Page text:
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September 20 marks one year since Hurricane Maria made landfall in Puerto Rico, just 14 days after the island was hit by Hurricane Irma. Maria, a category 5 hurricane, not only destroyed Puerto Rico’s energy grid and communications infrastructure, but it also upended many lives and left a permanent scar on everyone who survived it.

We are still living with its effects, from an unstable power grid that needs to be redesigned from the ground up, to a collective sense of PTSD that compels us to buy excessive amounts of water and fuel whenever a new storm forms in the Atlantic Ocean. But Maria also left us with an advanced degree in resilience. We learned how to quickly adjust to difficult situations and plow through. The most important lesson that came out of our experience: Don’t give up. Keep moving forward. It’s too easy to fall prey to inaction after a big disaster like a hurricane, but to survive we must resist that urge and act. Otherwise, things just get worse, and inaction leads to further inaction.

Here are five lessons I learned over the past year that stood out, especially in my role as an entrepreneur running a business:

1. Focus on people

First and foremost, make sure your employees and their families are safe and help them in any way you can. The day after the storm, we checked in on all of our employees to make sure that they and their families were safe. We continued to check in with them throughout the emergency and provided as much help as we could. For example, when drinking water was hard to get, we arranged for water gallons to be delivered to the office for everyone, and when cash was scarce, we distributed payroll cash advances. While it goes without saying that employees are the number one asset of any company, when a disaster strikes, the typical employer/employee relationship transforms and becomes one of humanitarian concern.

2. It’s all about communication

Make sure to communicate with your customers, partners and employees, early and often. There is a lot of misinformation, especially after a big disaster like a hurricane. It’s important that you accurately explain the situation to your customers, partners, and employees as well as the plans and courses of action you are putting in place. By letting them know what they can expect, you can help assuage any concerns they may have. Last year, it was heart-warming to see how our customers not only understood the gravity of the situation, but also opened their doors to us with office space and other offers of help.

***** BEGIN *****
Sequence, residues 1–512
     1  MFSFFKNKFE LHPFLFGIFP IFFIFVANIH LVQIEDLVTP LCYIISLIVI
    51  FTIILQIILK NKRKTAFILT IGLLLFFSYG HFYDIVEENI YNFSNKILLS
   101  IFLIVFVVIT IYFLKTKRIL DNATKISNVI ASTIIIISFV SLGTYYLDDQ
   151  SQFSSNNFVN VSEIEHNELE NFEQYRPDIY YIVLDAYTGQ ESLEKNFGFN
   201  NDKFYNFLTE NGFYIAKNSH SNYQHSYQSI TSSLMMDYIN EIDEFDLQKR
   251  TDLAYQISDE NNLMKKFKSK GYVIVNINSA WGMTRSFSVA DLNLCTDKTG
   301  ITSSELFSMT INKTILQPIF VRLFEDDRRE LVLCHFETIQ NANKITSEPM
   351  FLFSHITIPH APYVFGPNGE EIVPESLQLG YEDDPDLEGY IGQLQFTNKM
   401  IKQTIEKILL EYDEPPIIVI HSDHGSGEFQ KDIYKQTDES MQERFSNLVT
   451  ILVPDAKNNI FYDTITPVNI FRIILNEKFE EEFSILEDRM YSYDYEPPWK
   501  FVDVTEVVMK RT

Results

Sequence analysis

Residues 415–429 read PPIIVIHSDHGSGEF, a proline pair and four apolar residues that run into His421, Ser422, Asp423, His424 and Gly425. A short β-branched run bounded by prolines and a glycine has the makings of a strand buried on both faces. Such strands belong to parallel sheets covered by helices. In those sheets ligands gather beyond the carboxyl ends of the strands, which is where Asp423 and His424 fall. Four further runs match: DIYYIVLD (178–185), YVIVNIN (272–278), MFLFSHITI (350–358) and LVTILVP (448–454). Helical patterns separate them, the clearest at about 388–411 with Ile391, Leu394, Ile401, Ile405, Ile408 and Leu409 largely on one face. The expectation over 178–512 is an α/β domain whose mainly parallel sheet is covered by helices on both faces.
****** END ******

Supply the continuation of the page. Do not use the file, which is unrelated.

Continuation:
3. Contingency plans are required

Never underestimate the need for a contingency plan and the importance of communicating it to all your stakeholders. While the contingency plan will likely evolve once a disaster strikes, much of it will still be applicable and it will help you to get things underway quickly.

4. You learn who your true partners are

In addition to communicating with customers, it’s important to share your situation with partners, yet not all of them may understand the true magnitude of your plight. We were surprised to learn that some may focus on your commitments to them and hold you accountable regardless of the circumstances, while other are completely understanding and offer help. You’ll probably spend more time managing concerns from some partners than customers who see the effort and continued commitment that you are providing them. In the end, you will quickly figure out who your true partners are.

5. Always help others, no matter what

Whenever possible, help others. After an event like a category 5 hurricane everyone is affected, and only by helping each other can everyone make it through. That includes competitors, too. When the hurricane hit, we all shared resources and the Internet with partners and competitors alike. And, no amount of help is too small — even if it seems trivial to you, it may make a big difference to whomever you help.

Finally, after looking back at this past year and talking to entrepreneurs who were impacted by Hurricane Katrina in New Orleans, I have concluded that the major difference between those who make it in a disaster and those who don’t is mainly based on one thing: never giving up.

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